Wednesday, November 24, 1999

Mason will check draw on aquifer

The Cincinnati Enquirer

        MASON — Leaders here say the city will conduct a study to determine the amount of water that can safely be withdrawn from the Shaker Creek Buried Valley Aquifer without depleting it.

        City Council on Monday unanimously approved a $46,000 contract with Malcolm Pirnie Inc. to develop a well-field management plan and perform a safe yield evaluation of the aquifer. The move comes two months after the Ohio Department of Natural Resources (ODNR) blamed the state's second-fastest-growing city for draining the rich ground water source.

        “I think this just goes to show that the city puts its money where its mouth is,” said Councilman John McCurley. “We are making this investment to ensure that our water supply is safe and secure. We are taking care of our responsibility and taking care of the aquifer.”

        An aquifer is an underground formation of sand, gravel and rock in which water fills the empty spaces and is preserved. Aquifers depend on precipitation to replenish them.

        A draft report by ODNR in September showed the water level of the aquifer had been declining since the 1970s and pointed to Mason's 264 percent jump in water use as the primary reason.

        ODNR began an investigation in August after several people in neighboring Lebanon complained that their wells were being sucked dry because of Mason's overconsumption — not because of the drought, as Mason officials had suggested.

        Hydrogeologists with ODNR's division of water said the aquifer's water table had dropped 27 feet since 1970 and 11.5 feet since 1990. They said Mason's increased use had placed a tremendous strain on the aquifer's ability to recharge itself.

        As a result of the study ODNR recommended the city contract with a consultant to determine how growth is affecting the ground water source and what is the aquifer's safe long-term yield.

        “This is going to be a very comprehensive study,” said Councilman Jim Fox, who also sits on Mason's utility commission. “We want to know what the addition of Cincinnati's water to the city and normal yields of rain will do to replenish the aquifer. The study could tell us that we need to look elsewhere” for a water source.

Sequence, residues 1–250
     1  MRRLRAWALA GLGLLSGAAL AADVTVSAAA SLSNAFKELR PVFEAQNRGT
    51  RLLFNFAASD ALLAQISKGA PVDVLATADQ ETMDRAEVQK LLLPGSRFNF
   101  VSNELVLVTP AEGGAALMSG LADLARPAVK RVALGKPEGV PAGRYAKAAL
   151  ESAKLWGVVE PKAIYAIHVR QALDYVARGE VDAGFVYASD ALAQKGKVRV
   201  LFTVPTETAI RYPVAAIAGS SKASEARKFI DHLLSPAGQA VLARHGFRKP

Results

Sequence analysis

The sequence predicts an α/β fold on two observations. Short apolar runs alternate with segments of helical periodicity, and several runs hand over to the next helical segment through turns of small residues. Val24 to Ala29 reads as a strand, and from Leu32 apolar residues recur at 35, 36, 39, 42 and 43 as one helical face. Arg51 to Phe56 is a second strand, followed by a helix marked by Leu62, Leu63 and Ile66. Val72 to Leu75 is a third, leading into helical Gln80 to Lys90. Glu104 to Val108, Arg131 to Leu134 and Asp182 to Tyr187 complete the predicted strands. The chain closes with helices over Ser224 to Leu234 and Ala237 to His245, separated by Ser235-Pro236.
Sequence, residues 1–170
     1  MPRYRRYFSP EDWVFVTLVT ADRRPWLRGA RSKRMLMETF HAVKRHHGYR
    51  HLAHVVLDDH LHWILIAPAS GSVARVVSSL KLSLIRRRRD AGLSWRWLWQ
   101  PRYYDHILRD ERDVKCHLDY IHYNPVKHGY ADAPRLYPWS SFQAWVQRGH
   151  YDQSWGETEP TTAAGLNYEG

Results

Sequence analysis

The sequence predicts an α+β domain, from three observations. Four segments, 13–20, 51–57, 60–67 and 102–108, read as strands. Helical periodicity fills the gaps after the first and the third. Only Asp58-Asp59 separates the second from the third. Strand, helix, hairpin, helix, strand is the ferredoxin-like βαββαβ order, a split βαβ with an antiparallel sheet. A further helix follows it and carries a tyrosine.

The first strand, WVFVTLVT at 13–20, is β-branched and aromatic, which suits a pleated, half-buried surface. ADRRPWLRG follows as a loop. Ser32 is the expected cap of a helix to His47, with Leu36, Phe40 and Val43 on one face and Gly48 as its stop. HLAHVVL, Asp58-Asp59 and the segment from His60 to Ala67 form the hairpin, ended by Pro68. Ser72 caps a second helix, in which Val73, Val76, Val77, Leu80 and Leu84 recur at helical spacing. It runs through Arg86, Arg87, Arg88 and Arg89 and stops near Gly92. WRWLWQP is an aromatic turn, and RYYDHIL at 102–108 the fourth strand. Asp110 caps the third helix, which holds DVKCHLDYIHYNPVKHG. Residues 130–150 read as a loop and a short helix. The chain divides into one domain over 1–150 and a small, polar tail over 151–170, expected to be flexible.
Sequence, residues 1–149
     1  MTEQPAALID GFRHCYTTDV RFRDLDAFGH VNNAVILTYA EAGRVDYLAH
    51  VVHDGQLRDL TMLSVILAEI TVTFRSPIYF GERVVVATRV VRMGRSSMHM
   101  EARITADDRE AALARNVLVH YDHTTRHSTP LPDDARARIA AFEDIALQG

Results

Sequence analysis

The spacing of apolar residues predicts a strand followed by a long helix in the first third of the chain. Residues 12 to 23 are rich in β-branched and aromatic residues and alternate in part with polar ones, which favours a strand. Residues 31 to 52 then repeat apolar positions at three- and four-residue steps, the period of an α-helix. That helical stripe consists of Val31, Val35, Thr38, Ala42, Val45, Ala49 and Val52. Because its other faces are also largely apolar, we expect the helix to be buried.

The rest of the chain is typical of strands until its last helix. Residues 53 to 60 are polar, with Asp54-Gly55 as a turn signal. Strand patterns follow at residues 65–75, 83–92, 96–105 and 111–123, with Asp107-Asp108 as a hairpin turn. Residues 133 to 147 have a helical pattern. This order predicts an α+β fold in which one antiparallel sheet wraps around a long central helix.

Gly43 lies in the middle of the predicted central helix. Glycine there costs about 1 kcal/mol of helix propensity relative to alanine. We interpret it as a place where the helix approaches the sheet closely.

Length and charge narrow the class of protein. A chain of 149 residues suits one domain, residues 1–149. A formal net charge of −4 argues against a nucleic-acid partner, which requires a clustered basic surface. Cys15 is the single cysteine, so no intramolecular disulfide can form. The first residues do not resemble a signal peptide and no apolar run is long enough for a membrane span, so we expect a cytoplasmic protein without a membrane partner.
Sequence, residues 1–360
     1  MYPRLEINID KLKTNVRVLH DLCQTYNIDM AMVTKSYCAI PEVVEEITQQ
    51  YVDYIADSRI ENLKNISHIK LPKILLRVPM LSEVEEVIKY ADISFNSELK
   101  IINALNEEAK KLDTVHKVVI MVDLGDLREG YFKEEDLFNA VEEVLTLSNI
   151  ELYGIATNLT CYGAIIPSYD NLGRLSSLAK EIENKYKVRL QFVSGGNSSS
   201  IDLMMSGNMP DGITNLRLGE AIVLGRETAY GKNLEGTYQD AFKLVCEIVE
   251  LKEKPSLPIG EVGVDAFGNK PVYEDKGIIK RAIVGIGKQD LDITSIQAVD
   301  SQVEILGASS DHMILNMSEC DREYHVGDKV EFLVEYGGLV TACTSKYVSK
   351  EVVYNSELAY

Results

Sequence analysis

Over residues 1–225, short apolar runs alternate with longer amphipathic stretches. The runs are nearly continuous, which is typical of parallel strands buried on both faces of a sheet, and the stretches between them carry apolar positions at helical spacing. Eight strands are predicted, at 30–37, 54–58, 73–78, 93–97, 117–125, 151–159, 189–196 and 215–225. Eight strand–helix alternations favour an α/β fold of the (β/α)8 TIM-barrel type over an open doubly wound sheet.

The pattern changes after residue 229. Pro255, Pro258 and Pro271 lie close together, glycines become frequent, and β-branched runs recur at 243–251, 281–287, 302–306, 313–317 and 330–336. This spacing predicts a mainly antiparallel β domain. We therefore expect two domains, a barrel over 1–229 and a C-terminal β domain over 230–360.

The environmental engineering firm will use a two-phased approach to the study.

        Phase one will evaluate the aquifer. The firm will be responsible for compiling a final report that includes estimates of the sustainable yield of the aquifer and recommendations on reducing the effect of declining water levels. Malcolm Pirnie also will make recommendations concerning existing wells and any need to install wells in the future.

        The second phase will deal with developing a program to ensure the proper operation and maintenance of the city's well field.

        “Now is the time when we really need to scrutinize the use of our water,” said Councilman Tom Muennich. ""We need to protect our aquifer.”

        Mason's population has risen from 11,450 in 1990 to an estimated 18,850 in 1998. City engineers project Mason will have granted permits for at least 600 new homes by year's end, indicating that strong growth will continue.

        City officials say a $5 million deal with Cincinnati Water Works will increase the city's water system capacity to 12 million gallons per day and decrease its reliance on the aquifer. The additional water supply, available next year, is expected to satisfy the city's needs until 2010.


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